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21 Jump Street (Blu-ray Review)

22 Jun, 2012 By: John Latchem

Street 6/26/12
Sony Pictures
Box Office $137.98 million
$30.99 DVD, $35.99 Blu-ray
Rated ‘R’ for crude and sexual content, pervasive language, drug material, teen drinking and some violence.
Stars Jonah Hill, Channing Tatum, Brie Larson, Dave Franco, Rob Riggle, Ice Cube.

More often than not, big-screen remakes of TV shows meet with critical derision for the way they symbolically represent a lack of creativity in Hollywood. But that doesn’t mean there aren’t ways to make one that works.

Sometimes, it’s enough just to continue the show with the same cast and creative team (think “Star Trek” movies or Sex and the City). Or, filmmakers can co-opt a title and add a bunch of star power or special effects (the “Mission: Impossible” and “Transformers” films). Or, they can take the approach 21 Jump Street did and lampoon the inherent silliness of the source material (following in the footsteps of Starsky & Hutch and the “Brady Bunch” movies).

For those out of the loop, “21 Jump Street” was one of the first shows on the fledging Fox network in 1987, growing the profiles of young stars such as Johnny Depp and Holly Robinson (both of whom have cameos, as do some of the other original cast members). The premise involved an undercover police unit whose young-looking officers would infiltrate high schools and colleges to stop crime.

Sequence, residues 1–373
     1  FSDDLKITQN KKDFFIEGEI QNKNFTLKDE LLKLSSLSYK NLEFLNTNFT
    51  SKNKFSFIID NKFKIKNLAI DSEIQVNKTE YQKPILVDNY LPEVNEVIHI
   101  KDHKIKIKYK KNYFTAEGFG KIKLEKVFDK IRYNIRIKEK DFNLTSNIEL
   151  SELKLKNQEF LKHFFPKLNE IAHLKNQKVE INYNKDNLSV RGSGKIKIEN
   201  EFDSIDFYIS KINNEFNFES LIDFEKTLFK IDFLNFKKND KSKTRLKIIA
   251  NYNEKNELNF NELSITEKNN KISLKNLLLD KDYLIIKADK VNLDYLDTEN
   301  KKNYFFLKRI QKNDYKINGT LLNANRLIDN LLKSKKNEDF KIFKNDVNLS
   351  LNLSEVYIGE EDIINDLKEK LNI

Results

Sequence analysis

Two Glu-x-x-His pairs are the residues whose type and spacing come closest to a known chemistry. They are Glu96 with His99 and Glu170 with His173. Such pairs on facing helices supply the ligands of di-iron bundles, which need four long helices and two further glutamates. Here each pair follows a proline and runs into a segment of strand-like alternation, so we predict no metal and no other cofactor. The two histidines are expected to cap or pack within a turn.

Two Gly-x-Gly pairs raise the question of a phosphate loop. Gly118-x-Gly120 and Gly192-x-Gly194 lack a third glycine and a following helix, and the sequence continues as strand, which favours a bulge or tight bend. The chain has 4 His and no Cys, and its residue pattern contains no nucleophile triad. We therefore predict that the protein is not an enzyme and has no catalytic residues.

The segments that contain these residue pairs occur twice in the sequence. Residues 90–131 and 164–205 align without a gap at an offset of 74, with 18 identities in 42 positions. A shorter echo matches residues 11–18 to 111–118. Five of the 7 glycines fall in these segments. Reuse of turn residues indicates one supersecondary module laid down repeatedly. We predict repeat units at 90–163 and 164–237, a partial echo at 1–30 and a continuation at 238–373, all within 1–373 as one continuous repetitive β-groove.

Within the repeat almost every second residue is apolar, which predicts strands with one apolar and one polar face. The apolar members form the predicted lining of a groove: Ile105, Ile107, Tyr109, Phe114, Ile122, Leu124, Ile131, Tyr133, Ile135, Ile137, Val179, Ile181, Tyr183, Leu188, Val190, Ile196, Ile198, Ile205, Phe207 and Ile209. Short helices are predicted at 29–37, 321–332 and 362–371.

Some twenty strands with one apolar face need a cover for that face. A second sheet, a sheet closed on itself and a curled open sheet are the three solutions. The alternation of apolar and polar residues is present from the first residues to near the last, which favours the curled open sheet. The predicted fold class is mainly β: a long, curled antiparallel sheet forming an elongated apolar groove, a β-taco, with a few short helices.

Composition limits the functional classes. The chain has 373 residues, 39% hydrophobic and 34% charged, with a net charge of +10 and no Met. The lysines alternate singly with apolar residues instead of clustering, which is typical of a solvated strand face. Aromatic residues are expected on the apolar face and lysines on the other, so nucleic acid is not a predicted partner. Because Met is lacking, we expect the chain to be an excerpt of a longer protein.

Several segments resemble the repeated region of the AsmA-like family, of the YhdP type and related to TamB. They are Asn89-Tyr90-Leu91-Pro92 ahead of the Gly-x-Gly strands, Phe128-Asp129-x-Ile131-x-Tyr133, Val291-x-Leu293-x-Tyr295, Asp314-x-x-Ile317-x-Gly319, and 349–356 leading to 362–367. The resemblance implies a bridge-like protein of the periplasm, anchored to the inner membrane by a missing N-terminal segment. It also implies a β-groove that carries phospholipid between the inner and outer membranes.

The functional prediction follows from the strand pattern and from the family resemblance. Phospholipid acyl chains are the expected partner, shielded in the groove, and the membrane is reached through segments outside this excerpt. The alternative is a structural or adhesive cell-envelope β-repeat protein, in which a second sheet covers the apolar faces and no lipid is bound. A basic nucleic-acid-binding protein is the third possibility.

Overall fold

The immensely funny 21 Jump Street film makes no pretensions as to how absurd it thinks the concept is, layering on a steady stream of jokes about how old and out of place Jenko (Channing Tatum) and Schmidt (Jonah Hill) seem to be after they arrive at Sagan High to investigate a drug ring. And it certainly helps in the laughs department that they are horrible cops who have no idea what they are doing.

But the screenplay, by Hill and Michael Bacall, works because it builds an emotional core around the idea of getting a second chance to take on those awkward high school years, with the twist that traditional stereotypes no longer apply. Thanks to an abundance of political correctness washing over the educational landscape since their own graduation seven years before, jockish Jenko feels out of place, while nerdy Schmidt quickly figures out how to fit in.

Tatum and Hill are good, but the icing is the supporting performances, from Rob Riggle as the manic high school athletic coach, to Ice Cube as the abusive Jump Street squad leader, to Nick Offerman’s frustrated precinct captain, who gets in a great bit of meta-humor with a line about nobody having any original ideas anymore before absentmindedly assigning the duo to “37 Jump Street.”

Riggle and Cube are good enough to rate their own featurettes on the Blu-ray, among several behind-the-scenes extras that exist mostly as cast and crew members reflecting on how much fun making the movie was. A commentary with Hill, Tatum and directors Phil Lord and Christopher Miller is a little more in-depth about the making of the film, and it’s worth a listen for those interested in learning more about the various ways the film pays homage to the TV show. There’s also a gag reel and a half-hour of deleted scenes that are mostly superfluous gags, but one sheds a little more light on Mr. Depp’s expectation-defying guest appearance.

About the Author: John Latchem

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